The essentiality of vitamin D metabolites for embryonic chick development

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Science  02 Jun 1978:
Vol. 200, Issue 4345, pp. 1067-1069
DOI: 10.1126/science.206963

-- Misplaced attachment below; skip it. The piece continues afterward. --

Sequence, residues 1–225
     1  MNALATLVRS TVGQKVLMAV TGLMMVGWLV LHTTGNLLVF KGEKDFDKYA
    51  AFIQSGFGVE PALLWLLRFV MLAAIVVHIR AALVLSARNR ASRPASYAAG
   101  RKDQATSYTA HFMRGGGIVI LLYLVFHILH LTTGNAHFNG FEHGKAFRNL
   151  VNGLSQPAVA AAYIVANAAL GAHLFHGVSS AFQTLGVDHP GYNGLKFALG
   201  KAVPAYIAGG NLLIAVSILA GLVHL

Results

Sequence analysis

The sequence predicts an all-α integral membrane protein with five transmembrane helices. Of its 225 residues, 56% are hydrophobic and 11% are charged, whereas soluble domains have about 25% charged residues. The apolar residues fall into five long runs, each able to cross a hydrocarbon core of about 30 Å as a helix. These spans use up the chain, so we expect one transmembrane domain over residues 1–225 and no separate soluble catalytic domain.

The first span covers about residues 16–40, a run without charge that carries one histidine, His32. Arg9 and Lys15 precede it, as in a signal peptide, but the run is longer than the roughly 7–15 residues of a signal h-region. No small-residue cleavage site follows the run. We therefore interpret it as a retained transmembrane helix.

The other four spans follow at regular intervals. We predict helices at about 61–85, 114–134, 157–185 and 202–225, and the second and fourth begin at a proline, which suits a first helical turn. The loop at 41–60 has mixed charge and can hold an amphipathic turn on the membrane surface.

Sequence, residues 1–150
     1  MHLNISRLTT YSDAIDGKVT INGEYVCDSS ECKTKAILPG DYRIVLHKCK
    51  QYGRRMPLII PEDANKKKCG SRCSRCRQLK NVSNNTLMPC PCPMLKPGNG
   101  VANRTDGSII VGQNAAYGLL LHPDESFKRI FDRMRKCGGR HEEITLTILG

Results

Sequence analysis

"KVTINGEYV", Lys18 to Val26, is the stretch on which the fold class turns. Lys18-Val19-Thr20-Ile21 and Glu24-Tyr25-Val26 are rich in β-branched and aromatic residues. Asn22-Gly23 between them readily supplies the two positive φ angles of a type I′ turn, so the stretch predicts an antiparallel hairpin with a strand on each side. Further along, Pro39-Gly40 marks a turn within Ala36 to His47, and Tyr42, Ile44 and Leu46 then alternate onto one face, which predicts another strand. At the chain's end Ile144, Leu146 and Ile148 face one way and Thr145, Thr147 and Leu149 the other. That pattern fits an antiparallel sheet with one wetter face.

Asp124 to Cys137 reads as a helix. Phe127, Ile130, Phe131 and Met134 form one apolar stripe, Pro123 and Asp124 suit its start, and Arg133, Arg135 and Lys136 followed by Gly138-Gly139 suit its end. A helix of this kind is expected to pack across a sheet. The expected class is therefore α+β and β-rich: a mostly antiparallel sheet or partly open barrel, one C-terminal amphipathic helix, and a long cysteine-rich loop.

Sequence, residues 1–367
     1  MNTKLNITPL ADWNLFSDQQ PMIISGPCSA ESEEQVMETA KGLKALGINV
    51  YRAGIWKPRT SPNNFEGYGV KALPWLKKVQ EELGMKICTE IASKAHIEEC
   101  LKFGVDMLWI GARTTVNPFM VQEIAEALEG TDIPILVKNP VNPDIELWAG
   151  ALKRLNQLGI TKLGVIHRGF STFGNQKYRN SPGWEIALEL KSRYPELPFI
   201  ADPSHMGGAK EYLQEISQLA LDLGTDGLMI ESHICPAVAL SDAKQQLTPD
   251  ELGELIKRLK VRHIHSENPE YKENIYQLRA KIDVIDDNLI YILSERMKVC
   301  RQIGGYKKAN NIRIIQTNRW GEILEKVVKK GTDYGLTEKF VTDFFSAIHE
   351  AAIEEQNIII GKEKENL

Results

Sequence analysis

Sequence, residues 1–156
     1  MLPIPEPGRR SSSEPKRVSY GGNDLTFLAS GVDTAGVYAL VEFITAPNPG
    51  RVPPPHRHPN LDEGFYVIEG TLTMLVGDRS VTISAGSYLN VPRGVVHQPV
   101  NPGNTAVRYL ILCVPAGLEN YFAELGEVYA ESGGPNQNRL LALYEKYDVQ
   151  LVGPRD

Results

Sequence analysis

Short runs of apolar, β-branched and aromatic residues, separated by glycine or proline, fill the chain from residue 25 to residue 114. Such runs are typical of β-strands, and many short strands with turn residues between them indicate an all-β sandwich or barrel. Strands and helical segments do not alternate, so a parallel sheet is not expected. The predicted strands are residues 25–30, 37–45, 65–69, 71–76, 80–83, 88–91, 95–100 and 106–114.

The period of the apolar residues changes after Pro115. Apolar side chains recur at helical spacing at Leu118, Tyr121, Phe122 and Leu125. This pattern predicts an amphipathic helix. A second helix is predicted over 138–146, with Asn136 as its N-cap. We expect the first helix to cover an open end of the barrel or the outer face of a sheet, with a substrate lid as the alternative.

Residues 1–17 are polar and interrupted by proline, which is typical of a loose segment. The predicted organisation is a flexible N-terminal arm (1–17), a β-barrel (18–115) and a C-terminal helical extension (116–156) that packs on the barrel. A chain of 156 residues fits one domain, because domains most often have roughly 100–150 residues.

Laying hens maintained on 1,25-dihydroxyvitamin D3 as their sole source of vitamin D produce eggs which appear normal but which produce embryos having a defective upper mandible and which die at 18 to 19 days of embryonic life. Hens maintained on 25-hydroxyvitamin D3, on the other hand, produce normal embryos. Hens fed a vitamin D deficient diet produce eggs which develop the same embryonic defect. Injection of the affected eggs from the 1,25-dihydroxyvitamin D3 fed hens with vitamin D3, 25-hydroxyvitamin D3, or 1,25-dihydroxyvitamin D3 greatly increases the percentage of normal embryos. It therefore appears that 1,25-dihydroxyvitamin D3 is not transferred from hen to egg in sufficient amounts to support embryonic development and that vitamin D or its metabolites, or both, are necessary for normal chick embryo development.